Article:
LED Transceiver

Introduction: LED Transceiver

LED Transceiver is a combination of a transmitting circuit and a receiving circuit. It uses an LED to transmit the bit stream over a channel. In our case we are using clear LEDs to pass a bit stream from one computer to another through air.

Let's get to the project and discuss relevant stuff then and there. To build the circuit, we need several parts;

  • LM339 OpAmp (Comparator)
  • LM386 OpAmp (20 Gain Amplifier)
  • Photo Transistor (ST1KLA)
  • Clear LED (Blue or Red preferable)
  • 3.9k Resistor
  • 3.3k Resistor
  • 330 Resistor
  • Set of wires
  • A proto board
  • 10k square trimming potentiometer
  • RS232 module
  • 4 x male to female jumper wires

Apart from these, you'll need a multi-meter to debug your circuit and for a few adjustments and a wire cutter (or a scissor)

The first thing you need to do is identifying the pin structure of the OpAmp ICs...

Step 1: Identifying the OpAmps


This is "Low-Power Low-Offset Voltage Quad Comparators" according to the datasheet from Texas Instruments. You can find the LM339N Datasheet here. This is a single supply OpAmp which is the best choice for a USB powered circuits. There are 4 comparators but we need only one. You can choose one out of these four and carry on building the circuit.


This is another product from Texas Instruments which is a "Low Voltage Audio Power Amplifier". It usually has a gain of 20 which can be increased up to 200. We can manage our task with just the 20 gain. The LM386 Datasheet can be found here. This is also a single supply OpAmp IC. The reason why we are stick to single supply ICs is that the USB cannot be configured properly to work with dual supply ICs since they require a negative voltage as well.

Step 2: Selecting the Correct LED

There are two types of LEDs available in the market.

  • Diffused LED
  • Clear LED

Diffused LED

These LEDs have an opaque lens on the top of it which enables disperse of light emitted from the pn junction.

Clear LED

These LEDs have clear lenses and the light beam has a directivity to it. Which makes it ideal to our project.

Clear LED is the suitable LED type for the project, since we need the light beam to travel as far as it can without dispersing much.

Step 3: Building Up the Circuit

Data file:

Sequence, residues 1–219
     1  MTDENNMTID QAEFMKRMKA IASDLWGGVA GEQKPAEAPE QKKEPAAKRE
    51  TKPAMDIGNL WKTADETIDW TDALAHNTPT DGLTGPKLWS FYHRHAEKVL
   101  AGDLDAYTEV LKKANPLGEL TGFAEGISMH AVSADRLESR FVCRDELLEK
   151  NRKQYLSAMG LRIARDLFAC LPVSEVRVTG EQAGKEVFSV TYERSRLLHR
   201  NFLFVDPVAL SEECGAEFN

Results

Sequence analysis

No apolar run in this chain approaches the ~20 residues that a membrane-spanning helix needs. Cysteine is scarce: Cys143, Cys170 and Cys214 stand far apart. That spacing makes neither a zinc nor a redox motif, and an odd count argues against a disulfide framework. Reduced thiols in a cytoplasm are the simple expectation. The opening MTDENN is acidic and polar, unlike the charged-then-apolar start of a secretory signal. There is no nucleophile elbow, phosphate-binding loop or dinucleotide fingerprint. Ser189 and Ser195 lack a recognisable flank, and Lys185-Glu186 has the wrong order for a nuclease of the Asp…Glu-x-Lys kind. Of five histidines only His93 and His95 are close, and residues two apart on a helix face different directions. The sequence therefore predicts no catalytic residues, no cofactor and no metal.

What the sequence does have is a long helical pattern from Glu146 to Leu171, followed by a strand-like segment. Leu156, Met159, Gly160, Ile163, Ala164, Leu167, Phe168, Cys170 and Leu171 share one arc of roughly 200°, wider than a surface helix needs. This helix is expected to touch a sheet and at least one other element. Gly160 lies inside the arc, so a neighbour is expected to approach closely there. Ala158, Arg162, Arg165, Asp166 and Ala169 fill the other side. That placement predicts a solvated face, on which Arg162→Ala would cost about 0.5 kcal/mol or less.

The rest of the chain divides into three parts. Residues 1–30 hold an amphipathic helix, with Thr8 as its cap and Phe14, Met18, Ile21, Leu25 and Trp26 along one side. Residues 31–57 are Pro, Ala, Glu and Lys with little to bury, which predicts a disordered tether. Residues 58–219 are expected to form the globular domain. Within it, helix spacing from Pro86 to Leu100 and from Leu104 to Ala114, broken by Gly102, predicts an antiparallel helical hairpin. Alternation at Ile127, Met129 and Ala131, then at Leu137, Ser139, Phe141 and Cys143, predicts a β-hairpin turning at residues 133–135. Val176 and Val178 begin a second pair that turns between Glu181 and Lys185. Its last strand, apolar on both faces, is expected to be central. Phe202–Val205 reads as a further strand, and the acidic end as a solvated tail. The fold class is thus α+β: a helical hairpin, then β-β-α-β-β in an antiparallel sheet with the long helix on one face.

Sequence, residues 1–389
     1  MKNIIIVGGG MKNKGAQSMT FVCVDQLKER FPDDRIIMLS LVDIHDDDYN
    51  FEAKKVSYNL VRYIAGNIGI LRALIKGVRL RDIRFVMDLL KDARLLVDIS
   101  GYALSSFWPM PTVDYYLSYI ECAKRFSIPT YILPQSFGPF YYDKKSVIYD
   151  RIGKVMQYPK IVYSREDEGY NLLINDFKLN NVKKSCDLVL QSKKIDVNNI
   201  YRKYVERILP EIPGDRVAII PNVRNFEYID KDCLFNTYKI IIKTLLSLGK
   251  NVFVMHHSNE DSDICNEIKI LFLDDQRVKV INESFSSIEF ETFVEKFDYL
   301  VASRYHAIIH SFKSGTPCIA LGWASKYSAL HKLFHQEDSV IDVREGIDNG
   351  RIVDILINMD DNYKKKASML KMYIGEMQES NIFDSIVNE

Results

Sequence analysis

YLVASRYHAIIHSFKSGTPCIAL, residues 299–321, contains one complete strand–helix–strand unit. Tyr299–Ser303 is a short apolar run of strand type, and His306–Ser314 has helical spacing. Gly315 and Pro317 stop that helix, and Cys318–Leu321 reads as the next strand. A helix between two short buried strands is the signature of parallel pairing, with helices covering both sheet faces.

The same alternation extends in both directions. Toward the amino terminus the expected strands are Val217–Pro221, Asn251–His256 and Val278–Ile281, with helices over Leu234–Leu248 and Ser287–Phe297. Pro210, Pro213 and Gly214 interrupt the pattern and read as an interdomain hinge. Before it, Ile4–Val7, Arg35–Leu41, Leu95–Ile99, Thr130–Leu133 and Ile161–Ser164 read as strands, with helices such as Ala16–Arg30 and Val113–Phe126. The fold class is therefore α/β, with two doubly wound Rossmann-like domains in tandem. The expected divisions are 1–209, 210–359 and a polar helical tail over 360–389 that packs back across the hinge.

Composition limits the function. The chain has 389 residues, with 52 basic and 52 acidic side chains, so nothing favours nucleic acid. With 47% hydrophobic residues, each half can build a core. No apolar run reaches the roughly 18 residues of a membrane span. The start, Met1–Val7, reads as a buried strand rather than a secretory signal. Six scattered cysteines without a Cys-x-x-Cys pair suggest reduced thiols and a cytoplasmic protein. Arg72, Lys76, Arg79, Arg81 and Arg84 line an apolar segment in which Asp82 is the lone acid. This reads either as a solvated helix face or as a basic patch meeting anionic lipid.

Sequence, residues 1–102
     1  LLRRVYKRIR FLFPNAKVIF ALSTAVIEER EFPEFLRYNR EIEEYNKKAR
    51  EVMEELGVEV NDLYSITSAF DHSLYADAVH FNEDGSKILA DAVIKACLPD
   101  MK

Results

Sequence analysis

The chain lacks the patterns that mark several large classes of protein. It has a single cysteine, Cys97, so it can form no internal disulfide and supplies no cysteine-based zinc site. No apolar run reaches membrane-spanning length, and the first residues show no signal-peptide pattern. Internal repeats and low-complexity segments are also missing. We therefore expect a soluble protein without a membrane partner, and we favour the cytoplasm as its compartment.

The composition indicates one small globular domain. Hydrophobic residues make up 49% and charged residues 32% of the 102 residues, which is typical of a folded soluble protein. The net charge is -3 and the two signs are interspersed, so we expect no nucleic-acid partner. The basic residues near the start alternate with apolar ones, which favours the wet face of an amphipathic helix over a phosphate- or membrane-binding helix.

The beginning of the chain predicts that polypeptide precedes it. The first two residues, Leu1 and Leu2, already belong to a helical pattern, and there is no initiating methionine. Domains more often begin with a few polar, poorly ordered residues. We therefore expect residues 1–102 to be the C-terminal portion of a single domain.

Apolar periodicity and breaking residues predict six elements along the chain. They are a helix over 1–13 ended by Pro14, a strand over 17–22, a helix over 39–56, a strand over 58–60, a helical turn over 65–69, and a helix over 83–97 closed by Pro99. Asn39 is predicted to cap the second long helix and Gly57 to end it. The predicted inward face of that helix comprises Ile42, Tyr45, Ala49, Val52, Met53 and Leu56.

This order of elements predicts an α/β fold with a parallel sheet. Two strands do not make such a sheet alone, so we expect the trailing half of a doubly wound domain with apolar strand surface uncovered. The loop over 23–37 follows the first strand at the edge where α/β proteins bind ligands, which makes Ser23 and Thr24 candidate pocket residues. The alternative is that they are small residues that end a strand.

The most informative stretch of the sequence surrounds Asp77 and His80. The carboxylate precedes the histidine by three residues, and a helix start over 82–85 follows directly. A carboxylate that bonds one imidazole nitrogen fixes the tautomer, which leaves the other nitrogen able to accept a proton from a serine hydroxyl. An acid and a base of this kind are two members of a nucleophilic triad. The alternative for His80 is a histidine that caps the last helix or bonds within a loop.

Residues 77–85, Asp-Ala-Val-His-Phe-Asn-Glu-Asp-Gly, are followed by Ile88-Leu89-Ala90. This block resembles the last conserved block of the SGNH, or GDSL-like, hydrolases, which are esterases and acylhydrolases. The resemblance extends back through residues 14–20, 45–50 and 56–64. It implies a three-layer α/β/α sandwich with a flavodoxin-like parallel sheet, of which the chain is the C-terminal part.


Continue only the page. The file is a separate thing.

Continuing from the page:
When all the components are ready, we can start building the circuit.

Plug the OpAmp ICs onto the proto board and connect the power pins to their respective +5V and GND rails. Connect the resistors and other wires according to the schematic given.

We are getting +5V and ground voltages from the RS232 module. It got 5 pins and we are using only 4 except to the 3.3V pin. If we look at the pins of an RS232;

  1. 5V - +5V supply
  2. GND - Ground
  3. Tx - Transmitting pin
  4. Rx - Receiving pin

You need to install drivers to use this RS232 module. The necessary setup files are attached here with. Even after installing, you have to go to device manager of your computer while the RS232 being plugged into the USB. Then select the COM port and update drivers using available drivers in your computer option. Once it is installed you can use a serial monitor to check if it's working by connecting the Tx pin to the Rx pin and sending a sample data over it. A proper serial monitor can be downloaded from the internet. I used mikroC PRO for PIC - C compiler as the serial monitor.

Using the multi-meter, try to set the middle pin voltage of the 10k potentiometer to a value approximately equal to 3.85V which will be the reference voltage to the comparator. So if any voltage comes above this value, it will be a '1' to the computer while anything below this value will be a '0' to it.

Once the circuit is complete, connect a photo transistor and a clear LED to the respective pins and enjoy bit transmission!!!

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